Selecting which of your company’s business transactions should be formatted in traditional EDI or XML-EDI depends on the destination of each transaction.  If the recipient is to be another computer, by all means use traditional EDI formats.  If the intended recipient is a human operator that would manually interpret the information and possibly modify or enhance its content, then XML-EDI is the solution.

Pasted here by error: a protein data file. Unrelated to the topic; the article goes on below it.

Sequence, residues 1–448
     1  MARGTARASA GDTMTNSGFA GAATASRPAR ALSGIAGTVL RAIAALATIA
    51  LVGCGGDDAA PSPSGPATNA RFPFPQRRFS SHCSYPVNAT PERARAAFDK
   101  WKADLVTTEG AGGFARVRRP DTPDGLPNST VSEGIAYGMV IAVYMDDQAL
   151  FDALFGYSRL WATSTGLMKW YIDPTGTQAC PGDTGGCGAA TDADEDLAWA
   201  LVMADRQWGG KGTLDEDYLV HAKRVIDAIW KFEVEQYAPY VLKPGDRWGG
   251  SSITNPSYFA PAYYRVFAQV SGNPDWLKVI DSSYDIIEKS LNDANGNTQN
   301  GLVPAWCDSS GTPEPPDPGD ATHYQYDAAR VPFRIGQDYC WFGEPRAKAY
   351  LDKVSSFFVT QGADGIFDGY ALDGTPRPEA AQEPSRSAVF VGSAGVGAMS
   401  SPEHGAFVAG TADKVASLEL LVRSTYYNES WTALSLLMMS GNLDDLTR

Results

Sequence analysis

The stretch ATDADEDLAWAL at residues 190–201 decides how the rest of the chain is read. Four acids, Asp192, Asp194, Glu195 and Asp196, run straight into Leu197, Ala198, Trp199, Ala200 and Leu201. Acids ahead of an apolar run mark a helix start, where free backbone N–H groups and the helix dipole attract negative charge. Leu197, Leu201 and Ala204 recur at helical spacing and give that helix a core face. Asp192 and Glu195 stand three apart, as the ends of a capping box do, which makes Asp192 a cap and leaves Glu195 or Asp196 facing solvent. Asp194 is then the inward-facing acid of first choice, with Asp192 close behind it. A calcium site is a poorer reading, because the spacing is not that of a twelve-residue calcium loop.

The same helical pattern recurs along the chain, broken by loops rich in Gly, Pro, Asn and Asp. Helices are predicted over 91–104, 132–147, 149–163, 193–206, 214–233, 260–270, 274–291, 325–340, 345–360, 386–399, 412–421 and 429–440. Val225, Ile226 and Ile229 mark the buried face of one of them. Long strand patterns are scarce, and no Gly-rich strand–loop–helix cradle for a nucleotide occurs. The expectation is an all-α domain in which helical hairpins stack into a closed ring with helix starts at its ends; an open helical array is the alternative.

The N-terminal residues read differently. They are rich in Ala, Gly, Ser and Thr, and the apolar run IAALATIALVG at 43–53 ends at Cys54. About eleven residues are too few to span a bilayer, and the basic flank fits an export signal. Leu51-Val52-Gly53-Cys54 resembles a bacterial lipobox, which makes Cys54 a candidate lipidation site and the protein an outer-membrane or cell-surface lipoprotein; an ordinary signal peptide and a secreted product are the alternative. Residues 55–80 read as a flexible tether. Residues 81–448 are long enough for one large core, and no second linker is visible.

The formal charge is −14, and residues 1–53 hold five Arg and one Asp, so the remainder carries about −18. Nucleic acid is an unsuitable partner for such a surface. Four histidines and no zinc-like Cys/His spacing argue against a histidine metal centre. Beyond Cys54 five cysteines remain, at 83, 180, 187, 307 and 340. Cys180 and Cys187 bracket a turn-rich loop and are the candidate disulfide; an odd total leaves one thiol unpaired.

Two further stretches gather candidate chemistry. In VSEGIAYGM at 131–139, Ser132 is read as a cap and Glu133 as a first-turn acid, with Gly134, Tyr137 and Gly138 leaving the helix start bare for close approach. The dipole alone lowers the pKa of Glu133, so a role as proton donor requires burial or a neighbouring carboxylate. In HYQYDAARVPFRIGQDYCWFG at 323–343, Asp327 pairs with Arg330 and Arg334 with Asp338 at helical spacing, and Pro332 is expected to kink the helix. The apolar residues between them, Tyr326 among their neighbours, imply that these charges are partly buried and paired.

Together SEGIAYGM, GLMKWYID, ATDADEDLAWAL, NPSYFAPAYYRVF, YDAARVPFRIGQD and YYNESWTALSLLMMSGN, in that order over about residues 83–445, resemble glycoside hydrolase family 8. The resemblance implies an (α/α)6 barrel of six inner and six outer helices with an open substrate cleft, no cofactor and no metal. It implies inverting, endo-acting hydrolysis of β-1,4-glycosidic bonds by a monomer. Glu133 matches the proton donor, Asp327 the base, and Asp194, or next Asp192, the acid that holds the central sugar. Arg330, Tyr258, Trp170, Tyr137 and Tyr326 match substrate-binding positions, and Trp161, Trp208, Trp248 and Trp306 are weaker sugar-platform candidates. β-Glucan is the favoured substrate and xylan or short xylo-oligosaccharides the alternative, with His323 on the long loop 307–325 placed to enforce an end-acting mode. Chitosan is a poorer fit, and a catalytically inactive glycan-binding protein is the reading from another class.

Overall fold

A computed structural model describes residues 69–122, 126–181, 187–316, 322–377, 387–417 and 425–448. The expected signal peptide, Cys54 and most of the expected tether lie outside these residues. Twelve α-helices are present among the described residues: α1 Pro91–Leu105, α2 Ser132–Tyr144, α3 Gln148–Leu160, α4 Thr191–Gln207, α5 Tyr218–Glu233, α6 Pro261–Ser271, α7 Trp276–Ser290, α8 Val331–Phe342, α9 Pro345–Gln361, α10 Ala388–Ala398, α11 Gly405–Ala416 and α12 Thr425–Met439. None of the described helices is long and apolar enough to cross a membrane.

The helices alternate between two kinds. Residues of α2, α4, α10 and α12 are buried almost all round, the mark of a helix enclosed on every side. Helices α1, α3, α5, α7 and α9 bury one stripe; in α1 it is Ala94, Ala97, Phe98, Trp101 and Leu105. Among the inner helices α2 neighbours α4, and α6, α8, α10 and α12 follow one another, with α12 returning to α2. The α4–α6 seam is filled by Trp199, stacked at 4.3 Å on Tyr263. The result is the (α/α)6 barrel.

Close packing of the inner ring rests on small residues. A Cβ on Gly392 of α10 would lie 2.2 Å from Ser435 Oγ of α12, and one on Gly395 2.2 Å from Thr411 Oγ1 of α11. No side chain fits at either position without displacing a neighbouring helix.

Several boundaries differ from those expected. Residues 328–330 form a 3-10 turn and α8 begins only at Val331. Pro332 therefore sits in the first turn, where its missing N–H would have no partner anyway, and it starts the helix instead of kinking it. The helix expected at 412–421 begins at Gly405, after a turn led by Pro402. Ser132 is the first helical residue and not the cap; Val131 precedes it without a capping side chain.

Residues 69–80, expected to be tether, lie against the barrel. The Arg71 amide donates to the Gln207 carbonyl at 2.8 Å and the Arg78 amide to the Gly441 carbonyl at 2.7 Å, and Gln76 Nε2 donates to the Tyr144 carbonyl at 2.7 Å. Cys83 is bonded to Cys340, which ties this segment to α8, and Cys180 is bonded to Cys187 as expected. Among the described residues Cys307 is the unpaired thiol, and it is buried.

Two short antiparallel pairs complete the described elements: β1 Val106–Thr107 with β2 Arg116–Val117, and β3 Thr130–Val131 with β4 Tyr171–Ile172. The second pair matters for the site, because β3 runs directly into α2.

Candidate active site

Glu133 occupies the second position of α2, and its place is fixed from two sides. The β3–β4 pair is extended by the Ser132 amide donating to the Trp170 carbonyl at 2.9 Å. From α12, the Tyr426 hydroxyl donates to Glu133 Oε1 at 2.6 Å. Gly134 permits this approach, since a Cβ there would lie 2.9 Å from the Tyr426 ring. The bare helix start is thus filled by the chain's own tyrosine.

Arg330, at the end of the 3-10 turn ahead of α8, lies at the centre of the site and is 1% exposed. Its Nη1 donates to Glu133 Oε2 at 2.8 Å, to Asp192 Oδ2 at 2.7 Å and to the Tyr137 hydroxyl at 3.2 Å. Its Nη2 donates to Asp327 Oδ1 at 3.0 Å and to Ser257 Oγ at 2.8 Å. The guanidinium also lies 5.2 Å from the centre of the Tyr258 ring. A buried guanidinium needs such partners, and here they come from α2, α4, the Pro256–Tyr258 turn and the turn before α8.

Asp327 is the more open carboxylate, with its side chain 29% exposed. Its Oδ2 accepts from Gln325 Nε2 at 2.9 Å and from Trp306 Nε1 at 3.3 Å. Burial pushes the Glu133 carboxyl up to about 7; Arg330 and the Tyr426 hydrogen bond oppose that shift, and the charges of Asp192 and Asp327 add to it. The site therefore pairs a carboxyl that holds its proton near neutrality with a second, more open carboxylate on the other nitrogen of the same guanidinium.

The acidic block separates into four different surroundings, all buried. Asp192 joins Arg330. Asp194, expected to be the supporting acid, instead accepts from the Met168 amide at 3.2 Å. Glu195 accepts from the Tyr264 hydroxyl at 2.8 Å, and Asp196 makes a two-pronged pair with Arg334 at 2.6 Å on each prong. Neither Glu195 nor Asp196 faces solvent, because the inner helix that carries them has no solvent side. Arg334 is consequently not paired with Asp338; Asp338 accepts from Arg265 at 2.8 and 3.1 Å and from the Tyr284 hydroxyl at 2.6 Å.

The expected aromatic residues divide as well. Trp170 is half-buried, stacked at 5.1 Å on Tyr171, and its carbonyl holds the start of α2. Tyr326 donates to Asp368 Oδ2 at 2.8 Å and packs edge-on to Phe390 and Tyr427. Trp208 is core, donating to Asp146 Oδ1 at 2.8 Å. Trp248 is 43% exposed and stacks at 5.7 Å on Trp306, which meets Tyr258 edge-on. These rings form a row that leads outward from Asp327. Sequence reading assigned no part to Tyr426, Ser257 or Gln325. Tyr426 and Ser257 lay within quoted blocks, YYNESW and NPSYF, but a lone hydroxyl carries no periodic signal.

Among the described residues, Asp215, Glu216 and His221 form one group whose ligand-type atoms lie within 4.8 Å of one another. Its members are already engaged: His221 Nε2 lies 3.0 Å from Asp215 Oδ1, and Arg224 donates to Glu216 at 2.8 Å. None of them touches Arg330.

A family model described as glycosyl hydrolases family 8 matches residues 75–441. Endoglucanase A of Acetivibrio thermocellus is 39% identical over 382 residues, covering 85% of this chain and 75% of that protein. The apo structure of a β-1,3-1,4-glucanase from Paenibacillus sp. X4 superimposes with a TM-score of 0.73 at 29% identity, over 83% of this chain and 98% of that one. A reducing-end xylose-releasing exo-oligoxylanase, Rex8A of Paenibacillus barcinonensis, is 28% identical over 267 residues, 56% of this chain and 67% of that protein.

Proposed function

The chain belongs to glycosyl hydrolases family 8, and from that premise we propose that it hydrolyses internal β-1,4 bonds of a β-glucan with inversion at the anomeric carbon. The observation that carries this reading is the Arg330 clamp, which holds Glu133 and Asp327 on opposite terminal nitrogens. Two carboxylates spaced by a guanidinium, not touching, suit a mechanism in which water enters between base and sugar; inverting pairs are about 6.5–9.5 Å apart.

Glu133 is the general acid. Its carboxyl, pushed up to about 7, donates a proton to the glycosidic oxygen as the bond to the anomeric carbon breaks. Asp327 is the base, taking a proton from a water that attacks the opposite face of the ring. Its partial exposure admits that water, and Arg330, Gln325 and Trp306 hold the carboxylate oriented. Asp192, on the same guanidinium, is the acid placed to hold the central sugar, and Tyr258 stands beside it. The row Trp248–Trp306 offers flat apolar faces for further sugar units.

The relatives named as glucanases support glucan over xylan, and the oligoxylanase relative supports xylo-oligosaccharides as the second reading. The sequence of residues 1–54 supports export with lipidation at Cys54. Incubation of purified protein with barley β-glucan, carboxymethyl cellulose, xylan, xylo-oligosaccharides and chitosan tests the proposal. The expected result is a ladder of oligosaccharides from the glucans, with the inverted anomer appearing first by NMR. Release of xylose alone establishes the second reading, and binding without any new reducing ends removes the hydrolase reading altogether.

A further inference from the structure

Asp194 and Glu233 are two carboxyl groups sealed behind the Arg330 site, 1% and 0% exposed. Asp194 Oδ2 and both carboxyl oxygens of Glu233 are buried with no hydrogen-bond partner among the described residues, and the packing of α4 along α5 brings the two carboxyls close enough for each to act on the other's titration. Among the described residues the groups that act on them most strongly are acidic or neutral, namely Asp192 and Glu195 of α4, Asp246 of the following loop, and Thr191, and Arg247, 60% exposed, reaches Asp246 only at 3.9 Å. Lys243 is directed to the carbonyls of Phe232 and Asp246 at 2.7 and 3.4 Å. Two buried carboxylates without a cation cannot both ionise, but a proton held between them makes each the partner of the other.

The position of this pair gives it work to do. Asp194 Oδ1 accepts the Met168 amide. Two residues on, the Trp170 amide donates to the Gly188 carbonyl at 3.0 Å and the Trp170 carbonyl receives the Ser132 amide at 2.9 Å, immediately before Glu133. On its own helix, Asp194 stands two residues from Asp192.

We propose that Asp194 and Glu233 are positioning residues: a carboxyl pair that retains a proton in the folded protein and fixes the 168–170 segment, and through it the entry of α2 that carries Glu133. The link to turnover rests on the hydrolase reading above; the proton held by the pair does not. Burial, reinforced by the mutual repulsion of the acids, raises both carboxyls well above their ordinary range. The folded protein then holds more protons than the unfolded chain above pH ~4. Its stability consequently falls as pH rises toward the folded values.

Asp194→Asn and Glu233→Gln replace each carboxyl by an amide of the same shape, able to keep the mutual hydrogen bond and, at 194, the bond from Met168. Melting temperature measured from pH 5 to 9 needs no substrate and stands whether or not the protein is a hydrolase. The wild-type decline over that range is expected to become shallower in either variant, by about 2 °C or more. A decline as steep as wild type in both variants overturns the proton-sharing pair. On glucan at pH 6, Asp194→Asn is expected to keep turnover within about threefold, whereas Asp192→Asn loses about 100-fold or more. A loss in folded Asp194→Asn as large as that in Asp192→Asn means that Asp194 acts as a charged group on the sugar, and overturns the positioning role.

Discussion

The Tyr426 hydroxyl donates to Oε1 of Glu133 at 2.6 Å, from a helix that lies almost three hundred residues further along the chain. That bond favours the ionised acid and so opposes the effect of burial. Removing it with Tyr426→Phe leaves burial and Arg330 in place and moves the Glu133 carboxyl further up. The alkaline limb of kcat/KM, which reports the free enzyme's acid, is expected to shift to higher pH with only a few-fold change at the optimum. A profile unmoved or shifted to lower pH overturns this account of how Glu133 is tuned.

Integrating EDI into your business process requires this in-depth understanding of the business rules, irregardless of the format or presentation of the transaction.  It is much, much more than a simple creation of an EDI 'map' (the component that translates transaction documents electronically into a standardized format for electronic exchange), whether XML or traditionally formatted.  Since many of the normal manual controls will now be encompassed by an electronic processes, well documented and understood automated controls have to be implemented to compensate for the manual controls rendered during the manual or semi-automated transaction processing operation.  These controls need to be designed by a professional who understands the business process flow (material handling, manufacturing, distribution, and accounting) as well as the technical requirements of the EDI process.  If there is not sufficient expertise within your organization, it is a good idea to consult with experts in the field of EDI implementation to train staff and transfer knowledge into your organization.  Once established in a well-controlled and documented environment, the EDI process tends to be extremely stable and easy to maintain.